While most Coherence installations are deployed in clusters ranging from two to 100+ servers, there are many advantages to be gained even in single-server environments, whether running on a commodity quad-processor box or a massive partitioned SMP server.
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Generally, modern JVMs can efficiently manage heaps of up to 512MB or even 1GB. Garbage collection routines can slow down dramatically beyond that point. There are two immediate symptoms of this a reduction in overall application throughput due to excessive CPU cycles being dedicated to garbage collection, and substantially increased garbage collection pauses. As heaps grow from 512MB toward the 2GB mark, it is not uncommon to see garbage collection pauses grow from sub-second (~200ms) to as long as 30 seconds.
Coherence users quite often use multiple Coherence instances on each cluster machine to limit heaps to a reasonable size. Coherences linear scalability means that the finer-grained partitioning has no negative impact on application performance, and a huge benefit in terms of minimizing GC pauses. In a single-server environment, the same concept applies. For example, in a dual-processor server with 8GB of RAM, it is very difficult for a Java-based application to utilize all the available memory. Running extra Coherence cache instances will soak up the remaining RAM while having minimal impact on CPU utilization, allowing the application to maximize resource usage.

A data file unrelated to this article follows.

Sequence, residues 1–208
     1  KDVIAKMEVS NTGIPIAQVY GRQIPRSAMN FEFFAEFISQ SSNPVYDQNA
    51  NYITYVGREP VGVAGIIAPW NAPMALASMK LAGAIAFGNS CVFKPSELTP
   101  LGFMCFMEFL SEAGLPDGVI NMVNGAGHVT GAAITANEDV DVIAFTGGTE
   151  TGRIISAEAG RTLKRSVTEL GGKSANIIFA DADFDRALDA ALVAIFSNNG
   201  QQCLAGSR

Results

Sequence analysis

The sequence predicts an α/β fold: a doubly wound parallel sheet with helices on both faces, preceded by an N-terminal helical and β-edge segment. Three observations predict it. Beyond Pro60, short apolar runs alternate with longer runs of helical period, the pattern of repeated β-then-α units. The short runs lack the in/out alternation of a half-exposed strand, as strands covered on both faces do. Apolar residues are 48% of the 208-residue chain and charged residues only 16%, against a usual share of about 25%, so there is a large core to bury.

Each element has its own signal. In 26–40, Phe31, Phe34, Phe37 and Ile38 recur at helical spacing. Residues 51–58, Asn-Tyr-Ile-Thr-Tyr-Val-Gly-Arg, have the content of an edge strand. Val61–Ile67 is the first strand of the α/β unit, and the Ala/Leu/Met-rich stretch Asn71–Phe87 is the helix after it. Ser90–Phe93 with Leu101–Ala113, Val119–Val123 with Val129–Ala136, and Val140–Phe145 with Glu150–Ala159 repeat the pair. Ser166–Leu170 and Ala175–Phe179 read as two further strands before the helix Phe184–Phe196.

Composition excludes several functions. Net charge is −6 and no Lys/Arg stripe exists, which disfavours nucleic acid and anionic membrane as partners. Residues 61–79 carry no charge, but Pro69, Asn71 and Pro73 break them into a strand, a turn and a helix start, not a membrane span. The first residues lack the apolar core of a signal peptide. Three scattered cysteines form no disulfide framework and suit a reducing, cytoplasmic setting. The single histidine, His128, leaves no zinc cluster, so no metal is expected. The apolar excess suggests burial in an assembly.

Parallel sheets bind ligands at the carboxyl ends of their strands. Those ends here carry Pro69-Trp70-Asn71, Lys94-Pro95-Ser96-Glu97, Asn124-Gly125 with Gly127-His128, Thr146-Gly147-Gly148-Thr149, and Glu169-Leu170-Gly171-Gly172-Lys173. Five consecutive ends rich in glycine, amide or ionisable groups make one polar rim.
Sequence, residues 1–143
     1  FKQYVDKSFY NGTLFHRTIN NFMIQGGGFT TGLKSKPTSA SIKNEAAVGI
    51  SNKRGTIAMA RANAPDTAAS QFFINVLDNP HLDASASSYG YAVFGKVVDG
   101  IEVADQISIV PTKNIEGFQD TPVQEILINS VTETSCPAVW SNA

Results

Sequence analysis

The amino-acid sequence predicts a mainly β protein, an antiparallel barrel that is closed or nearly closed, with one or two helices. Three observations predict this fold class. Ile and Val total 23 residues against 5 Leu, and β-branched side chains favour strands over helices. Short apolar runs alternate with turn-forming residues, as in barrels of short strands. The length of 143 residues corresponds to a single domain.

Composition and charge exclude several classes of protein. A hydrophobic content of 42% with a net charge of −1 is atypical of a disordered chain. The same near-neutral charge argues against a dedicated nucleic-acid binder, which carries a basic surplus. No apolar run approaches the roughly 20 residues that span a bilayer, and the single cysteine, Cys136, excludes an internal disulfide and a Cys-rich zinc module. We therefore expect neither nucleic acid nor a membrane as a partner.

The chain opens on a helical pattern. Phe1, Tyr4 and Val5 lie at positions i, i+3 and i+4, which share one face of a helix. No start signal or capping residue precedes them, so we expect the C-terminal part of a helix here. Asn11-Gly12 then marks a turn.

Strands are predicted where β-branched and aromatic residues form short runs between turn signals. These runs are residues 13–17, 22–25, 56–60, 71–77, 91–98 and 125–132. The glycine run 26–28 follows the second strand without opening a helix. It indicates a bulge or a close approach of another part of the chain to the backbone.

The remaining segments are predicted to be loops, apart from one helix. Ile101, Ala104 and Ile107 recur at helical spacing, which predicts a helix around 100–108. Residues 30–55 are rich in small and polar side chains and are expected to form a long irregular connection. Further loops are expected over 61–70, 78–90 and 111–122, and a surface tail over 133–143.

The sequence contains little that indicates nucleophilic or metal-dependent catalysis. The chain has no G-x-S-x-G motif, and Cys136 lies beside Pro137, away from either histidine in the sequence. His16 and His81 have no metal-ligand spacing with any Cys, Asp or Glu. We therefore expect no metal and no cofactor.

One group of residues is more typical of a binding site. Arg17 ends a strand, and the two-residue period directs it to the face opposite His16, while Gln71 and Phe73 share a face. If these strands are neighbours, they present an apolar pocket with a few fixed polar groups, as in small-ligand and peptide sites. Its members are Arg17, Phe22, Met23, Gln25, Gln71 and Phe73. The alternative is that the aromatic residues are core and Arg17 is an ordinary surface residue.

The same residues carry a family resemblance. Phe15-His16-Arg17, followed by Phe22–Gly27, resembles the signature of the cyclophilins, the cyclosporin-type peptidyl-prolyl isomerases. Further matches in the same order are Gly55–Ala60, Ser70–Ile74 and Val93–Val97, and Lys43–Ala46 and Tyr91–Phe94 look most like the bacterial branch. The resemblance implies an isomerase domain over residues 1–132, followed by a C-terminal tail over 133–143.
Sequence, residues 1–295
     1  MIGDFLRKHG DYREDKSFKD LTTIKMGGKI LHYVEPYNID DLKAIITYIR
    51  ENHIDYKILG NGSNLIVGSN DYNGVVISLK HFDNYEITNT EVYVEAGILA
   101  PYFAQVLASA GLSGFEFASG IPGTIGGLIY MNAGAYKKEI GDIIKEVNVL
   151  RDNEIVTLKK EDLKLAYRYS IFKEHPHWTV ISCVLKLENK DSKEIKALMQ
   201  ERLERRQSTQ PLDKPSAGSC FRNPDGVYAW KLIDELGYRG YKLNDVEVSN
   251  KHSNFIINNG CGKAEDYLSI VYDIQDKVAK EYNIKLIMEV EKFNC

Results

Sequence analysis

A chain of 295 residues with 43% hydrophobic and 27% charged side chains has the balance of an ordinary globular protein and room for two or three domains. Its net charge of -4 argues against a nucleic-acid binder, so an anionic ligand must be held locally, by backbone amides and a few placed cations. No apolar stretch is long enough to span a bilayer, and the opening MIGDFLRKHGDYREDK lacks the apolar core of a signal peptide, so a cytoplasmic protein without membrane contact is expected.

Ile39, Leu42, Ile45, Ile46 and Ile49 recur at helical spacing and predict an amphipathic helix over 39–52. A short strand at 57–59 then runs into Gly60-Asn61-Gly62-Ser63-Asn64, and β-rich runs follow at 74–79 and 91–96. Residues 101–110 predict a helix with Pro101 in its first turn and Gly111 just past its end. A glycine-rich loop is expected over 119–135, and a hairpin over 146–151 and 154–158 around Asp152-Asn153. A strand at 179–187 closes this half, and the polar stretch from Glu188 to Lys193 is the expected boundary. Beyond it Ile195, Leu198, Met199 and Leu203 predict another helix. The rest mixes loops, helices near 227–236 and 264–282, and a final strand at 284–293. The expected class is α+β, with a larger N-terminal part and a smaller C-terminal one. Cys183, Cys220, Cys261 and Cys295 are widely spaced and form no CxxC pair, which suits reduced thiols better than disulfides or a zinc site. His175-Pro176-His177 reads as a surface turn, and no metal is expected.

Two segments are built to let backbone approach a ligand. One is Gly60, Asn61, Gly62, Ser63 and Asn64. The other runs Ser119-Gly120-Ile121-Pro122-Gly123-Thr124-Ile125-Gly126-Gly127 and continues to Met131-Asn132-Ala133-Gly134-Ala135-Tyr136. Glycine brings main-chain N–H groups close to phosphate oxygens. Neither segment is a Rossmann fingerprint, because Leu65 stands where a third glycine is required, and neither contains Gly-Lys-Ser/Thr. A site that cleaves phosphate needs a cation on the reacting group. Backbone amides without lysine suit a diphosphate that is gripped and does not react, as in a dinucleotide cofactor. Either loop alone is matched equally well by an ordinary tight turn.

Another benefit of multiple instances per server is that performance issues can be isolated to specific JVMs. For example, applications that occasionally execute long-running memory-intensive reporting processes can place those reports in dedicated JVMs where they wont interfere with the execution of the primary transactional components of the application. With proper cache configuration, these JVMs can even be started on-demand, joining the cluster for access to shared data, calculating and sharing results, and then exiting the cluster when no longer needed.
Additionally, out-of-memory errors, temp-file disk errors, and (unlikely) JVM faults will bring down a single application instance, and not the entire application. As Coherence can isolate applications from node failures, it is fairly straight-forward to fully isolate users from faults of this nature.
With a clustered application, administration can be controlled in a modular fashion. Application upgrades can be applied in a rolling manner, allowing the application to run smoothly with no down-time and no performance disruptions (e.g. re-loading a cached data set).